By Matt Spetalnick WASHINGTON (Reuters) - President Barack Obama’s second term was supposed to be a crowning opportunity to make his mark on the world stage, but instead he's leading an intense effort to redefine his foreign policy record – and the odds look stacked against him. An administration-wide public relations blitz, which Obama launched with a big foreign policy speech this week, has done little to quell critics who frequently pan his global approach as rudderless, as the White House lurches from crisis to crisis. While Obama has outlined a strategy that includes both a strong military and the diplomatic tools of alliances and sanctions to provide global leadership, it is unclear if he and his aides have the vision – let alone time - to change the perception of a presidency with eroding global influence. “And he faces a series of problems in which quick-and-easy American fixes are really not available.” Topping the list is Ukraine, where Obama and other Western leaders were powerless to prevent Russia’s seizure of Crimea.
By Warren Strobel WASHINGTON (Reuters) - An email exchange released on Thursday shows that Edward Snowden questioned the U.S. National Security Agency's legal training programs, but provides no evidence the former contractor complained internally about vast NSA surveillance programs that he later leaked to the media. The release of the April 2013 emails between Snowden and the NSA's legal office is the latest round in a battle between Snowden, who casts himself as a crusading whistleblower, and U.S. security officials, who say he failed to report his concerns to superiors before acting. In an interview with NBC News on Wednesday, Snowden said he had raised alarms at multiple levels about the NSA's broad collection of phone, email and Internet connections. In a statement, the NSA said: "The e-mail did not raise allegations or concerns about wrongdoing or abuse, but posed a legal question that the Office of General Counsel addressed." "There are numerous avenues that Mr. Snowden could have used to raise other concerns or whistleblower allegations.
US lawmakers moved Thursday to boost funding of the national background check system for firearm sales, a small but symbolic step toward broader gun law reform following recent mass shootings. The measure provides $19.5 million in additional grant financing to help states submit records to a federal database aimed at preventing felons and the mentally ill from buying weapons. Supporters of the amendment, which passed 260 to 145 as part of a $51 billion spending bill for the Commerce and Justice Departments expected to be approved later Thursday, say the measure would keep guns out of the hands of potentially dangerous people. "Our national criminal background check system is only as good as the data you put in it, and right now all the information isn't getting into the system," the bill's sponsors, led by House Democrat Mike Thompson, said in a statement immediately after the vote.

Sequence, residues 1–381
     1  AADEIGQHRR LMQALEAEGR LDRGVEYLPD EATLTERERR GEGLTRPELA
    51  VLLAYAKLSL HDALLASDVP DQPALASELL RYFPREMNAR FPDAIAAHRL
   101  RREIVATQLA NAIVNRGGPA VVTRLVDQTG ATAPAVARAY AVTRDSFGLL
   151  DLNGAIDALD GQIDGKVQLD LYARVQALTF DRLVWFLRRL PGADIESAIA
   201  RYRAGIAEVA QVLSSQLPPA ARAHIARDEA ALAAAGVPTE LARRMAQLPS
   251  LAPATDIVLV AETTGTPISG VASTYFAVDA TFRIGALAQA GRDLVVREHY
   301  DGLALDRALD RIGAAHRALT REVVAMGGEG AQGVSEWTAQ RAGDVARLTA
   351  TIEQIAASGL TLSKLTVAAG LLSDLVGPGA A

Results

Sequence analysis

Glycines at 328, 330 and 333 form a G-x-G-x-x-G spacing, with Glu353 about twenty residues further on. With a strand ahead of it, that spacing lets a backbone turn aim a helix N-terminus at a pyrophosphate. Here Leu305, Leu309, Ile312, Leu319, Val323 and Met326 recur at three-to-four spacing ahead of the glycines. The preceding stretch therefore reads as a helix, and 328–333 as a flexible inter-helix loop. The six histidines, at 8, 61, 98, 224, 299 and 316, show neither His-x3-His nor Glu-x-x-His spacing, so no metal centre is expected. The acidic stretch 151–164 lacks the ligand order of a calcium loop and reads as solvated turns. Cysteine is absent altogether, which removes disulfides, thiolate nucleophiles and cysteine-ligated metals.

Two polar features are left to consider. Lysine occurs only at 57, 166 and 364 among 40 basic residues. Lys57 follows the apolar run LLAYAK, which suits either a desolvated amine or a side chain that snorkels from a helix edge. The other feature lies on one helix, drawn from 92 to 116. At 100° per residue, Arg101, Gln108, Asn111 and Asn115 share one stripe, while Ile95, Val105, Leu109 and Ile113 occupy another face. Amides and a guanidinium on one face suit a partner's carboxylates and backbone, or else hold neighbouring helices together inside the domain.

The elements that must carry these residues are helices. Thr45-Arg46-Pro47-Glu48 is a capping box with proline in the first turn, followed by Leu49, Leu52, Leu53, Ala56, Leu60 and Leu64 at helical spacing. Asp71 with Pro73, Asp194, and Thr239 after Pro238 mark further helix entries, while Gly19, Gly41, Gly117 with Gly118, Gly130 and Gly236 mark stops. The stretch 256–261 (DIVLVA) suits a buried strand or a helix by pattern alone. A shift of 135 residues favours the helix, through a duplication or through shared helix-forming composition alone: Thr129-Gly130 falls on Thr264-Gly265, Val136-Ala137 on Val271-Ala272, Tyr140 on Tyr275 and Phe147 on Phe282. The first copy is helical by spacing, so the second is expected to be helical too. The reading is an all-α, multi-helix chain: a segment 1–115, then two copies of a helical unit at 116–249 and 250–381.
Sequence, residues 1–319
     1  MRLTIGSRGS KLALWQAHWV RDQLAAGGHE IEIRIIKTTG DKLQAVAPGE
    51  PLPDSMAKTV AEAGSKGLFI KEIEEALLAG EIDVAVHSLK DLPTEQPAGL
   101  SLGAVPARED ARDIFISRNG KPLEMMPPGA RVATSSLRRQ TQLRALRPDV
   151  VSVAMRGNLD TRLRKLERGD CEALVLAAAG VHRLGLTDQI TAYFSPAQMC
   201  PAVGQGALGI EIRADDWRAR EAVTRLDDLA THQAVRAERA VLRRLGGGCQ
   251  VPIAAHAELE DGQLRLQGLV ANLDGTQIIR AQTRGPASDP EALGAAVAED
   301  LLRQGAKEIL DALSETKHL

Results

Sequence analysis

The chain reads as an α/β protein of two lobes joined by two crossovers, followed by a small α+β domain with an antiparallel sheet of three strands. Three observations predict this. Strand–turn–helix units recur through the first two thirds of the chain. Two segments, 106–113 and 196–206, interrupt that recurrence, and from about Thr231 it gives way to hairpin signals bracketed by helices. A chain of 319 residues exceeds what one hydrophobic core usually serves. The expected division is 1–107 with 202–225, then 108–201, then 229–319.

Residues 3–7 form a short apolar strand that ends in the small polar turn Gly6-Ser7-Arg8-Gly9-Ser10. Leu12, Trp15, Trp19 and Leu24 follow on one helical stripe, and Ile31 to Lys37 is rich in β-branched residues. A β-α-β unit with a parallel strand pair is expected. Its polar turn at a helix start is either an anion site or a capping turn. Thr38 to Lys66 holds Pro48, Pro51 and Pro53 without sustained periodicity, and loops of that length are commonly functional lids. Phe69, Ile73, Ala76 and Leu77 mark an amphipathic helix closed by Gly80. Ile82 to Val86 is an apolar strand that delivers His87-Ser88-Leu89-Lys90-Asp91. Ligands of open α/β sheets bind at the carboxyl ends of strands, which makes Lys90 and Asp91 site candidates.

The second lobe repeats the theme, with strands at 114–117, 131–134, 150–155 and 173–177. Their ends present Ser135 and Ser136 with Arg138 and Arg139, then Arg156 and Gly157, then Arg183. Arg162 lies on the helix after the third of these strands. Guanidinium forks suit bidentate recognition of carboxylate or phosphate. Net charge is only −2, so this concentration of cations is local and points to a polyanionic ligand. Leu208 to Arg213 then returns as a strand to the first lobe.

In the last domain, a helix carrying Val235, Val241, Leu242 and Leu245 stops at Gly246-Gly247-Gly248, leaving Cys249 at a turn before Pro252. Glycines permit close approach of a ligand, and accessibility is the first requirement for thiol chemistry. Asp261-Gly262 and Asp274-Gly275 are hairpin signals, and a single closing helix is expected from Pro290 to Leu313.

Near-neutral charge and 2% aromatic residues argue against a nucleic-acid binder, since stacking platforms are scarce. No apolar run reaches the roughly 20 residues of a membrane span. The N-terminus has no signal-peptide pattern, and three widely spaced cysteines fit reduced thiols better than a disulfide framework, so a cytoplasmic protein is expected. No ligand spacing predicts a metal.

Russian troops massed on Ukraine's borders are moving back toward Moscow, but there are still "danger signs," US Secretary of State John Kerry said late Thursday. "There is evidence of Russians crossing over, trained personnel from Chechnya trained in Russia, who've come across to stir things up, to engage in fighting," the top US diplomat told PBS television. He urged Russia to take advantage of the recent presidential elections and "build a road forward where Ukraine becomes a bridge between the West and the East." "The troops that were on the border are moving back towards Moscow not towards Kiev," he said.
United Nations (United States) (AFP) - The UN Security Council expressed "disappointment and concern" Thursday that an election of a new Lebanese president has not occurred and demanded that polls be held without delay. In a unanimous declaration, the Council's 15 member states urged the country's parliament "to uphold Lebanon's long standing democratic tradition and to work to ensure that presidential elections take place as soon as possible and without external interference." Over the past two months, Lebanon's parliament convened five times to try to elect a successor to President Michel Sleiman but failed each time due to a lack of quorum. The Council said it "reiterates its full support for the government of Lebanon to discharge its duties during this interim period."